Listen to Sandra Bland's message, because she's voicing a message that is obviously not sinking into our social fabric. I'm still not over Trayvon Martin's death, because all of the evidence surrounding Trayvon's death, to me, seemed painfully obvious that Trayvon did nothing to instigate any sort of attack, let alone his own death. We forget these deaths as a society so easily. What ever happened to Kendrick Johnson, for example, the young teen found dead in a rolled up gym mat under suspicious circumstances? I see an underlying theme to these cases, and I think a good number of people really misunderstand what some of the primary issues are. Of course, social advocates such as Sandra Bland do an excellent job at attempting to clarify them, people become uncomfortable, defensive, and fidgety with a subject we all need to address with completely open minds.
This Isn't Just About White People Hurting Black People
One of the common sentiments I see people bleating redundantly in response to these pleas for justice is, "Well, more white people, statistically are victims of crime by black people than the reverse," or, I hear people bleating, "What about XYZ case where a black man shot and killed a white man. How come that wasn't in the news?" Okay, so firstly, making a competition about which group of people is more dangerous is, well, dangerous to society, but these arguments are missing the point. In every case someone attempted to refute the #blacklivesmatter movement by posting about a black person killing a white person, I've found that the perpetrator was swiftly incarcerated and the victim was swiftly vindicated. I keep thinking about Trayvon Martin because this was a young man who walked nearly a mile to the store and ended up dead, with no weapons on him, within 50 feet of his apartment. The police tested him, the victim, for drugs, and soon afterward, his every deed as a teen was unearthed as to criminalize him. The majority of the public defaulted to automatically criminalizing Trayvon. Many people didn't even scratch their heads even once at the possibility that Trayvon wasn't a hardened criminal. So we come to a weird catch-22 about the justice for black victims:
Statistics about Black Crime Perpetuate Unreasonable and Societally Dangerous Stereotypes
Take Sandra Bland, for example. I get that Sandra Bland was irritated and that the best advice for people stopped by officers is to comply and be as respectful as possible, but I'm sure you can converse with a lot of decent police officers who can attest to the vast array of annoyed individuals who attempt to argue their way out of traffic tickets, who sometimes use profanity, or who sometimes throw mini temper-tantrums at the idea of a ticket. Police generally don't force them out of the car on that reason alone (unless they are confrontational to the point that seems unsafe). In fact, Sandra Bland didn't even use profanity when the officer asked her, "What's wrong." She was brutally honest, and clearly irritated. Her situation was clearly escalated by the police officer who arrested her, but she was in a jail cell alone for a traffic violation. This woman was being charged with an assault on a public officer: a felony. A felony takes a person's right to vote from them. A felony makes it difficult for a person to get, keep, and maintain adequate employment. A felony is a major festering wound on a person's record. This officer attempted to royally interfere with Sandra's ability to be successful in life with this charge, and remember, she was supposedly not under arrest until he was already apprehending her, which is certainly a confusing catch-22 in our justice system, isn't it?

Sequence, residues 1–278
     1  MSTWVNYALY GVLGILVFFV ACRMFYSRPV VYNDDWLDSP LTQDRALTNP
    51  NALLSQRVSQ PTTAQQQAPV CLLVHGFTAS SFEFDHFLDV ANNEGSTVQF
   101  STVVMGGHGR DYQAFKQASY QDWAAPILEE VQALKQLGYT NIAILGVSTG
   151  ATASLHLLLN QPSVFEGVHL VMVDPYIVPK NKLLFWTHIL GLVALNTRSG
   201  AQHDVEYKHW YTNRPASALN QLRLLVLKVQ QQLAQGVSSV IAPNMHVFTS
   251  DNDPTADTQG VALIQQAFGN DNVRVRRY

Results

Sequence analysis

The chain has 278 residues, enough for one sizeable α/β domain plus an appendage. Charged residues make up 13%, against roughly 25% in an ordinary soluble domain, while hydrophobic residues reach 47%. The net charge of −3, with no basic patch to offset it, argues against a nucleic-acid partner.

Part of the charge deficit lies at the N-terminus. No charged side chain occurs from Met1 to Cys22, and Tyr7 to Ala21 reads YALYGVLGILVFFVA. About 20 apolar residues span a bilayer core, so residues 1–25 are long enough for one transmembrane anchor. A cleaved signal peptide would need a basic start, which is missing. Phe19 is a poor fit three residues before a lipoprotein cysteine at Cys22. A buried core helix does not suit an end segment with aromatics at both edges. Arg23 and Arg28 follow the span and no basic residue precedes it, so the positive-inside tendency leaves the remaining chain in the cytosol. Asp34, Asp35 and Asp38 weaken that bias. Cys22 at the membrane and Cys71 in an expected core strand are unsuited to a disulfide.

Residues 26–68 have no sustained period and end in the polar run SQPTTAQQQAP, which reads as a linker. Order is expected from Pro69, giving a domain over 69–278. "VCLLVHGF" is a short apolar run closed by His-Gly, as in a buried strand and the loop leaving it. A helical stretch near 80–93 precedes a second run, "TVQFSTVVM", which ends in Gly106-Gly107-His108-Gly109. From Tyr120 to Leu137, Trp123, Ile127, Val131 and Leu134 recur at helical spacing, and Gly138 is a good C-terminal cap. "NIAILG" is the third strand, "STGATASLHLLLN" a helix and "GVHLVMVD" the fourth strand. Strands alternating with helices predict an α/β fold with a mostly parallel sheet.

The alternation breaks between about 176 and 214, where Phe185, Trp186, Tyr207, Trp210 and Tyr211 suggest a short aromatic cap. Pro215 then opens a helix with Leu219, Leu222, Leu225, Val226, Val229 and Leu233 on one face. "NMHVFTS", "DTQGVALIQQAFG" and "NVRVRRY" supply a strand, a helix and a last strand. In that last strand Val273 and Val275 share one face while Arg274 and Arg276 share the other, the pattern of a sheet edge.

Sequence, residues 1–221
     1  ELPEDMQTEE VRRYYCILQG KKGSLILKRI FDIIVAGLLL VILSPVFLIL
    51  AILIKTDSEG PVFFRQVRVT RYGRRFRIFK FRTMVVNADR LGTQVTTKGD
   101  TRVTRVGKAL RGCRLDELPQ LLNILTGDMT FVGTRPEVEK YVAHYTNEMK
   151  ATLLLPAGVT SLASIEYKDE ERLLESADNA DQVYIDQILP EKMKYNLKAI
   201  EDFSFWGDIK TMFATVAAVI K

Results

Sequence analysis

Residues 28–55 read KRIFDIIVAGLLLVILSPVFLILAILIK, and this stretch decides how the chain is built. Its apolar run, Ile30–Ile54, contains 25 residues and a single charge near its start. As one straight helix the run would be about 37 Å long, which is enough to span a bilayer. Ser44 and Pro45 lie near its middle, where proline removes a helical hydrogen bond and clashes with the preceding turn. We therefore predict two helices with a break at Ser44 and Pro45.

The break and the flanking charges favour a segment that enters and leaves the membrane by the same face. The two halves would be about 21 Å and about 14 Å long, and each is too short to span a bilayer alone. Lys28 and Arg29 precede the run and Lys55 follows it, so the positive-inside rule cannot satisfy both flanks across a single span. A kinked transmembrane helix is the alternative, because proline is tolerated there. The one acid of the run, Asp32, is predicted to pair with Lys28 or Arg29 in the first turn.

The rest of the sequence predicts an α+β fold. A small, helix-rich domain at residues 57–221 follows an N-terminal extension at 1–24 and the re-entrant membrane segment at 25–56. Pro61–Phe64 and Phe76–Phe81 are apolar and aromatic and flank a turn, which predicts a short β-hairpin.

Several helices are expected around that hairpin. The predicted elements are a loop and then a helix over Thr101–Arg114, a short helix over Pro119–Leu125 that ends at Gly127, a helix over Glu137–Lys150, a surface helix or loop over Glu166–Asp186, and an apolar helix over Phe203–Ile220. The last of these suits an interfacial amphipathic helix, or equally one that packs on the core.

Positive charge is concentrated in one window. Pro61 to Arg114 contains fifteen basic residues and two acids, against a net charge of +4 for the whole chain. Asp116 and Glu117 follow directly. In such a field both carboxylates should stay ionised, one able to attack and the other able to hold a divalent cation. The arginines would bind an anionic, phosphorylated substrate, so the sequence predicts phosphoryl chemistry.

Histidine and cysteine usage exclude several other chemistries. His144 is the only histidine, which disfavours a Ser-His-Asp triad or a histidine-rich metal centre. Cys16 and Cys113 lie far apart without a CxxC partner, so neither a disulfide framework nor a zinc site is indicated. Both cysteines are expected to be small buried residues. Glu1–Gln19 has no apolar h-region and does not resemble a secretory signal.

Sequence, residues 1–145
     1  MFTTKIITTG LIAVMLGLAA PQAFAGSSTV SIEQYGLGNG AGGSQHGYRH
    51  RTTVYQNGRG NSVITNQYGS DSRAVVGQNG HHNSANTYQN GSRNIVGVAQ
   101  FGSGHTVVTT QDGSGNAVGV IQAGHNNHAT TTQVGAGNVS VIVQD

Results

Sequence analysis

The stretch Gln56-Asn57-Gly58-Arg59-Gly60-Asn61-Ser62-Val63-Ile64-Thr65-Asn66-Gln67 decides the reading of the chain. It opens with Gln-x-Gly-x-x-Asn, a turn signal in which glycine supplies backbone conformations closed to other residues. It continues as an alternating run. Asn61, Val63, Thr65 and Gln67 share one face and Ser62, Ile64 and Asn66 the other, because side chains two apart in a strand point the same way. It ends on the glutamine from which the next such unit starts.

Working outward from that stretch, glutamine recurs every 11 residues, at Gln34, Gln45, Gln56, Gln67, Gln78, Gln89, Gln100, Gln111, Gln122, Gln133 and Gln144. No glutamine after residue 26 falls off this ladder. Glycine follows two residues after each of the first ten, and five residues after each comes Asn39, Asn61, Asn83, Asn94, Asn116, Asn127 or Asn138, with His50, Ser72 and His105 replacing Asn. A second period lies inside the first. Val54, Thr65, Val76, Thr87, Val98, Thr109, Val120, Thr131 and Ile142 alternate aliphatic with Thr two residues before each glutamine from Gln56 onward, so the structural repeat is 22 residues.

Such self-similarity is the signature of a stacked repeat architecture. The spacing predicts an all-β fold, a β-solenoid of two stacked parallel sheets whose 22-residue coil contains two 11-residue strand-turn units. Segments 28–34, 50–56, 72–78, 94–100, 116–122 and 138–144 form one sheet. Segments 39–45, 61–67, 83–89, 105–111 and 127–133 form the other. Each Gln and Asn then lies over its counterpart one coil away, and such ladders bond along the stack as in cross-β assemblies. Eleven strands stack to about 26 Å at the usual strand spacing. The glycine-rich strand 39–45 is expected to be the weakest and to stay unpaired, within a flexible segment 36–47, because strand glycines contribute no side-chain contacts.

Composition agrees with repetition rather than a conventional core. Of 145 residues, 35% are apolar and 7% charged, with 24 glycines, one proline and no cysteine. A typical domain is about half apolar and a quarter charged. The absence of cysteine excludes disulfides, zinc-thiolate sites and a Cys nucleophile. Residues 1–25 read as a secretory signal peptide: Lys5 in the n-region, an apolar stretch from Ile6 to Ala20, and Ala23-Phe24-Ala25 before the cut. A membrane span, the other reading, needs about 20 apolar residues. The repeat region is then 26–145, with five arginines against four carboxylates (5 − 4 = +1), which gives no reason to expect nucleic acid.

So, Sandra Bland would be (and is) another blip in the crime statistics vault on the dangerous crimes of black people. The most profound thought nugget coming from this is that when someone posts one of those statistical info graphics about how criminal black folks are, consider the fact that maybe, just maybe, a good number of them are being provoked and charged with crimes which are incredibly unreasonable, and so, that only adds to the invisible racist undertone of people's minds. Truly, a considerable number of black people being accused of crimes are actually the victims themselves. Judges see assertive black women as rebels and criminals and young black men as thugs or gang members without really considering the human context of the individual. Obviously the public is quick to criminalize black victims, as we see in the Trayvon Martin Case.
There is something to these movements and demonstrations. We can't continue minimizing these acts and cries for societal change. We have to acknowledge these issues and admit it: something is seriously wrong.